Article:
Objective: Recent guidelines highlight the importance of improving cardiovascular health in the general population in addition to disease prevention among high risk individuals. We investigated factors associated with ethnic and nativity-related differences in the prevalence of low cardiovascular risk (optimal levels of all major cardiovascular risk factors).
Methods: We used logistic regression to estimate differences in likelihood of being low risk (not currently smoking; no diabetes; untreated total cholesterol <200mg/dL; untreated blood pressure <120/<80; and body mass index <25 kg/m(2)) among 8693 foreign- and U.S.-born Mexican-American and non-Hispanic White 2003-2008 U.S. National Health and Nutrition Examination Survey participants before and after adjustment for socioeconomic, lifestyle, and acculturation-related factors.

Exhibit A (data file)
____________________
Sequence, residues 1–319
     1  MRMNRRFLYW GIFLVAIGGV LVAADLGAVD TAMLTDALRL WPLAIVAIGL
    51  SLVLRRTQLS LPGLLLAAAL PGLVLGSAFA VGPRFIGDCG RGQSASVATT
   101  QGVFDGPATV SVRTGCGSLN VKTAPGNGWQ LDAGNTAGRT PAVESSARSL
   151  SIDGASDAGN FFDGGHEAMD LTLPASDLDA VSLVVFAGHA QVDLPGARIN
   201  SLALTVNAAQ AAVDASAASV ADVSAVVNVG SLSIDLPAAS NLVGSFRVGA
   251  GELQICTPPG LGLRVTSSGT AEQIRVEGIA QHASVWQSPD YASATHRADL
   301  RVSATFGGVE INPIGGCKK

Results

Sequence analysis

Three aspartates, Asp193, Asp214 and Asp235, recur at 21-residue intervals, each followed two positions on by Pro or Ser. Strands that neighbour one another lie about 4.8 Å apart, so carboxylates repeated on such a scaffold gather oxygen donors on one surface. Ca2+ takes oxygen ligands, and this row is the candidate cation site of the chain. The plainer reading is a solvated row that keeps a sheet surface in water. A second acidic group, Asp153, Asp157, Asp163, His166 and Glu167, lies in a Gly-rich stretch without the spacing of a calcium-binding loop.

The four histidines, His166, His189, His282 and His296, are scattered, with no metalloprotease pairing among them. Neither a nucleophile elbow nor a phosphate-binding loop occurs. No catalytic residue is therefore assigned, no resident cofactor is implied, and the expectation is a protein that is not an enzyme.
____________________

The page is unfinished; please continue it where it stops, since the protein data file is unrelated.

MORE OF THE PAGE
Results: Foreign-born Mexican-Americans were more likely to be low risk than non-Hispanic Whites after adjustment for all covariates (Odds Ratio [OR]: 1.53; 95% Confidence Interval [CI]: 1.00, 2.34). In contrast, U.S.-born Mexican-Americans were less likely to be low risk compared to Whites (OR: 0.60; 95% CI: 0.43, 0.84). Differences between foreign-born and U.S.-born Mexican-Americans were largely attenuated after adjustment for acculturation indicators.
Conclusions: Our findings support the healthy migrant hypothesis and suggest that acculturation-related factors may be important drivers of ethnic and nativity-related differences in low cardiovascular risk.
Copyright © 2012 Elsevier Inc. All rights reserved.